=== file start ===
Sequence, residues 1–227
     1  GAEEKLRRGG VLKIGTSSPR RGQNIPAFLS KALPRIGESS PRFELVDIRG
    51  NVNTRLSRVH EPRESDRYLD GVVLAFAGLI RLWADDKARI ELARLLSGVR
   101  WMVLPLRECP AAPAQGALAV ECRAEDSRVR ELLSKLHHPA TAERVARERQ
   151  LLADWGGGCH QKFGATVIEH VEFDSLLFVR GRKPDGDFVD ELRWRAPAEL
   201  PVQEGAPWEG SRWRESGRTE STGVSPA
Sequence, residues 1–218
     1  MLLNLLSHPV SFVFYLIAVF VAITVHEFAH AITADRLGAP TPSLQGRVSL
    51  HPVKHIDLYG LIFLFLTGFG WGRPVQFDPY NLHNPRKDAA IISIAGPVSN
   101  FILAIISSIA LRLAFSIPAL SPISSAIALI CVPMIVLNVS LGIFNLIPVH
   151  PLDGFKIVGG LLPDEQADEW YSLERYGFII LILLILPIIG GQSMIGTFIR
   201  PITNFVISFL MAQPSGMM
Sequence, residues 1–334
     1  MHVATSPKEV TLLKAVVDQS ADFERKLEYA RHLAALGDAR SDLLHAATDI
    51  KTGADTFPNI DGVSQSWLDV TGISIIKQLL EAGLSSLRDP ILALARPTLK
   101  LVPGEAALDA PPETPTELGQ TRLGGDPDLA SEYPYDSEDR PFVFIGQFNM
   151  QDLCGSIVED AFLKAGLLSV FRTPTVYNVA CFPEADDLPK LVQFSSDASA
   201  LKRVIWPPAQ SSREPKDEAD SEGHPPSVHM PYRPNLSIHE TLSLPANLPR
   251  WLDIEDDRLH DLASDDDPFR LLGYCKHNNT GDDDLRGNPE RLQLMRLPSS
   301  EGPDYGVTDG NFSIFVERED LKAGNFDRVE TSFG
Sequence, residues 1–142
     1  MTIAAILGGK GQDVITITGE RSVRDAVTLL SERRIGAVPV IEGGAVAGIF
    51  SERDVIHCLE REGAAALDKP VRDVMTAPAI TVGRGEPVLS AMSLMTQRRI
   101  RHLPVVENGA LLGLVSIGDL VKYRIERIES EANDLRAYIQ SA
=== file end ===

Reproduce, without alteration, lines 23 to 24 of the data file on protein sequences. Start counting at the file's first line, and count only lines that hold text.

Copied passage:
    51  SERDVIHCLE REGAAALDKP VRDVMTAPAI TVGRGEPVLS AMSLMTQRRI
   101  RHLPVVENGA LLGLVSIGDL VKYRIERIES EANDLRAYIQ SA